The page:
The next decade was busy for Jabez and Agnes. Young William was joined by three brothers (Jabez in 1853; Joseph in 1855; and Robert in 1857) and the only sister (Agnes in 1858). Jabez was listed on the 1860 New York Census as a peddler, probably with the Globe Mills. A biography in All About Coffee (published by the Tea and Coffee Trade Journal), noted that he was not a talented salesman, but learned all aspects of the coffee business, from bookkeeping, to purchasing, to delivery,
During this period he was also working on a number inventions, which the struggling family hoped would add to their income. In 1858 he had a patent for the Burns Addometer, a primitive adding machine. He was reportedly always working on some kind of invention.
By 1860, according to the 1869 Federal Census, Jabez had moved his family to the 16th Ward's District 2, which was a bit further east, away from the river, meat packing and docks – most likely a better place to live. The 1860s heralded the birth of their last three sons (James B in 1863; Abraham Lincoln in 1866; and George Washington Burns in 1868) and on September 19, 1864 he received his naturalized citizenship. It is interesting to note that Jabez Burn's employer Thomas Reid of the Globe Mills witnessed his citizenship proceedings.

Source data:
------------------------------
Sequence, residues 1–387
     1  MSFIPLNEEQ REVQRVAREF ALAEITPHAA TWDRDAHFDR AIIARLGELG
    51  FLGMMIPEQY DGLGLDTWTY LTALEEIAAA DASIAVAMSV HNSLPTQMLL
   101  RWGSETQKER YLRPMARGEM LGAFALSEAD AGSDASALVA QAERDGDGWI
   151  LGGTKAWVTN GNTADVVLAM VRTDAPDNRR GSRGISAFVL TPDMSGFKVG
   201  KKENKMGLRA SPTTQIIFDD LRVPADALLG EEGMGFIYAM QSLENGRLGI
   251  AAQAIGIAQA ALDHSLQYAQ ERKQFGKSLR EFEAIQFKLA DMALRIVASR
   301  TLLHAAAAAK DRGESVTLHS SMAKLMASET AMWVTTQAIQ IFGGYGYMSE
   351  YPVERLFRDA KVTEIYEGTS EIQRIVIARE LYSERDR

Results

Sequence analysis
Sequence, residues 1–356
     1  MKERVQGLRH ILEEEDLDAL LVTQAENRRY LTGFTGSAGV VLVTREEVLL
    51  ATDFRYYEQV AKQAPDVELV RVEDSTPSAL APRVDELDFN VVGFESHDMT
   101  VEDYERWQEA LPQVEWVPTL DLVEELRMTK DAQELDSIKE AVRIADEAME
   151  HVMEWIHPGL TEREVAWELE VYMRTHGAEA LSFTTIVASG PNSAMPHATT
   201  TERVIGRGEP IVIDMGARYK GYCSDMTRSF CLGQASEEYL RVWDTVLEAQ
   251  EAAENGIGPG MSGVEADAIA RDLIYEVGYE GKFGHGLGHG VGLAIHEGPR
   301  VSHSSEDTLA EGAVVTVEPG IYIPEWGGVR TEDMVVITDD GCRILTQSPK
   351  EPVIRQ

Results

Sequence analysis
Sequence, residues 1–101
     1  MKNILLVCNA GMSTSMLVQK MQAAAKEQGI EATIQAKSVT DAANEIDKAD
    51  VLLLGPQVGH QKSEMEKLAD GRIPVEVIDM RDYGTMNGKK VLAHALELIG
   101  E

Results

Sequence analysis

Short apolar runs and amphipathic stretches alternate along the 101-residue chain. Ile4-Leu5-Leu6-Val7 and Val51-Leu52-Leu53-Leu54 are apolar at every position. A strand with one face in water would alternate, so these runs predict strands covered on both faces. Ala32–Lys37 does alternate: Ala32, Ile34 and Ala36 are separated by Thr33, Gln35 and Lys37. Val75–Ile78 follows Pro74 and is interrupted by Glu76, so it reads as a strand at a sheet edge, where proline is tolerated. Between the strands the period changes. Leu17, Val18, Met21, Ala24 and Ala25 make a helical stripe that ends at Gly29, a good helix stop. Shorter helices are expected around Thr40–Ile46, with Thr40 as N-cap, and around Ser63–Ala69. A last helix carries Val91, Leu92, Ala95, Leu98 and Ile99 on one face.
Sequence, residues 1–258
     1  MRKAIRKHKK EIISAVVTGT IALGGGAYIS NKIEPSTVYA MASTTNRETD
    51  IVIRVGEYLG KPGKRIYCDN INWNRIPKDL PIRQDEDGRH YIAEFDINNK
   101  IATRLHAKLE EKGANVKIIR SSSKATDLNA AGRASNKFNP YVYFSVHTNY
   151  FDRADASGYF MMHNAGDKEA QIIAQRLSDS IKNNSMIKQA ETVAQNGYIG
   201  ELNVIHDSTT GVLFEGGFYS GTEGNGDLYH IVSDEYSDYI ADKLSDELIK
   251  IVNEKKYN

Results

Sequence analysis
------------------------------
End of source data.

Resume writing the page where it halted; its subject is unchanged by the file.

In that same year of 1864, Jabez Burns founded his trademark company, Jabez Burns & Sons, and began to manufacture the improved coffee roaster which he invented. The first location was on Warren Street in New York City, which was was close to the docks on the east and to the west just a few blocks from the notorious Five Points district. The company outgrew its location several times. By 1908, the business moved to the northwest corner of 11th Avenue and 43rd Street, occupying a six story building which was doubled in size in 1917.
1937 Image of the Jabez Burns & Sons Facility
11th Avenue & 42st Street West
Courtesty of NYPL Digital Library

  Jabez had risen from a cartman, to a peddler, to bookkeeper, an ertstwhile inventor, to founding a company that has been referred to as the “unique coffee-machinery workshop, the greatest of its kind in the United States.” The 1880s saw the Jabez Burns family living in upscale Brooklyn, and several of his sons attending Columbia University before entering the family company. Several, and perhaps all of, his sons worked in the Jabez Burns & Sons Company.
Burns was looked to as an authority in the coffee industry because of his wide experience and also the articles he wrote for the American Grocer. Then in 1878 he began publishing the 32-page quarterly Spice Mill, which gained great interest with the spice and coffee traders. He also published a pocket volume called the Spice Mill Companion in which he distributed valuable information on coffee, spices and baking powder. His valuable advice, it was said, started a number of coffee-roasters on the road to success.